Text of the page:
Inside TPI Composites Inc. Turbine Blade Manufacturing Facilities
A worker tims a piece of fiberglass fabric at the edge of a wind turbine blade mold.Photographer: Daniel Acker/Bloomberg

“We have this domino effect of a trade situation, a pandemic, high demand in the U.S., high demand in China and the Chinese redirecting glass fiber supply into China and increasing the cost of glass fiber in the U.S.,” said Jeff Sloan, editor of CompositesWorld, which covers the industry. “It’s probably going to be the fall or even into early winter before some of this starts to iron out.”

The already difficult situation was worsened by severe weather that struck at the heart of US. petrochemical production.

Force of Nature

A winter storm this year brought subfreezing temperatures to Texas, overwhelming much of its electricity infrastructure and shutting down key chemical manufacturing plants in the Houston area. The storm forced two of the country’s largest epoxy producers — Olin Corp. and Hexion Inc. — to turn off the lights at their Gulf Coast facilities.

That made resin nearly nonexistent. Even now, about six months removed from the freeze, businesses are having difficulty finding the stuff.

“We get in a truckload of resin and it’s all sold out immediately. It’s all pre-sold before we even receive it,” said Wooldridge, the association leader. “Then, we’re completely out until we get the next container. It’s been that way for months.”

Consider the cost of other raw materials, labor, and shipping containers — the price of which has risen to upward of $20,000 from about $2,000 — and it’s clear why many recreational-product distributors and retailers can’t restock inventory.

Florida pool builder Kirk Sullivan has had to deliver a difficult message to customers looking for a summer splash. The owner of San Juan Pools recently refunded the deposits of some 250 orders and had to tell other prospective buyers his company is backlogged through next year. 

“I’m at the feeding trough of a lot of other industries” that also use resin, said Sullivan, who estimates he’s lost $22 million in business from short supplies.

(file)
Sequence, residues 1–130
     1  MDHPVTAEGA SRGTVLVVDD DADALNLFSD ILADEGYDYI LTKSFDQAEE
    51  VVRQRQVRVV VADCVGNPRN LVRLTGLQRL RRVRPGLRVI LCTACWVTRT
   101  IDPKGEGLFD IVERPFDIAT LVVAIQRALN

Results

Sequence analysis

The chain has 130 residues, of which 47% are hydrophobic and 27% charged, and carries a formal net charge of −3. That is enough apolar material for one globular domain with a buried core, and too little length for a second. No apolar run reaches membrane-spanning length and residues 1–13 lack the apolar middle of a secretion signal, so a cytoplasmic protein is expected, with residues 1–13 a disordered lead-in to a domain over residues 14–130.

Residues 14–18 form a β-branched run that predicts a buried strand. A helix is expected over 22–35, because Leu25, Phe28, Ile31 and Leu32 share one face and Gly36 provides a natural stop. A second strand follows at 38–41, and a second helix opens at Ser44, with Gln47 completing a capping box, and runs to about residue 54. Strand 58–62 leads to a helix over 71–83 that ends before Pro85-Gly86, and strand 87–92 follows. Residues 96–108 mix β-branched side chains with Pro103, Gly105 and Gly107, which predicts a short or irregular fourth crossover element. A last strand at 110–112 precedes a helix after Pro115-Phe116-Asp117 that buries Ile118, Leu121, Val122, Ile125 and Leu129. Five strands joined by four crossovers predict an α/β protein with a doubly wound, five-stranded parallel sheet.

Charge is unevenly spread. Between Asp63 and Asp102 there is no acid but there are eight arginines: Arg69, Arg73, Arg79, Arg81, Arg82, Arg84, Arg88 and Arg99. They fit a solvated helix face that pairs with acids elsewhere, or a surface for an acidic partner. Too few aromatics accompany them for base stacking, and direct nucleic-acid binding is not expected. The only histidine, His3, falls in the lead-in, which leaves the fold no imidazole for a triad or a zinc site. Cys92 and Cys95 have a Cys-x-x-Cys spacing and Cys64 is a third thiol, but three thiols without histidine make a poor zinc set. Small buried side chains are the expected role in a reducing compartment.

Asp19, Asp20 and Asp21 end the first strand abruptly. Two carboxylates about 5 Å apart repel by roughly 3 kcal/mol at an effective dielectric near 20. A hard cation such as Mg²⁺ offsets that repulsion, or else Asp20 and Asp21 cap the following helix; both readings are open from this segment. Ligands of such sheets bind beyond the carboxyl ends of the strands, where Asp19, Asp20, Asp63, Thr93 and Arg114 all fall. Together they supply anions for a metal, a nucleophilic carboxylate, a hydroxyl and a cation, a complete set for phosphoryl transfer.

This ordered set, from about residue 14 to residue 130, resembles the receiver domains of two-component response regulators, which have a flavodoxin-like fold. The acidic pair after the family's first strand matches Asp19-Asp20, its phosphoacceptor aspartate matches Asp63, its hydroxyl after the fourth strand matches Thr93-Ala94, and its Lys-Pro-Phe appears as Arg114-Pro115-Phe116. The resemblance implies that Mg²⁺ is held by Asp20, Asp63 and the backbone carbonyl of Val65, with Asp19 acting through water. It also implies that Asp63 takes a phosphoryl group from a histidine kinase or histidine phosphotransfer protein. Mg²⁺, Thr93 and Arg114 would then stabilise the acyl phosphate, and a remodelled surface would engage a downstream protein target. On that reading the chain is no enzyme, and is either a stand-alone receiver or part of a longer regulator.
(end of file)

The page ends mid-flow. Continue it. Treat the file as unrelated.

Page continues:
Holding Pattern

Sullivan said this summer suppliers allotted him only 70% of the volume he received during the winter off-season. With resin availability also limited, his business hasn’t been able to take new orders. But he’s kept all his employees on the payroll to be ready for whenever materials start appearing again at normal prices and volumes.

Whereas once it took as little as six weeks to receive a Surf Hardware International board, now it can take six months, according to regional manager Todd Prestage.

Manufacturers have tried to get creative by, for example, importing more materials from Southeast Asian countries not affected by higher tariffs. But there are few quick workarounds, so consumers are paying more. 

Aipa said surfboards that used to cost $750 are now going for around $1,000 — a price supported by loyalty to a brand that dates to 1970. Companies with shorter track records and lesser known brands might not be able to command those premiums.

“I feel bad for those who don’t have bigger brand names, because these price increases are really going to affect their livelihoods,” Aipa said. “We’re just fortunate to be in the position we’re in right now.”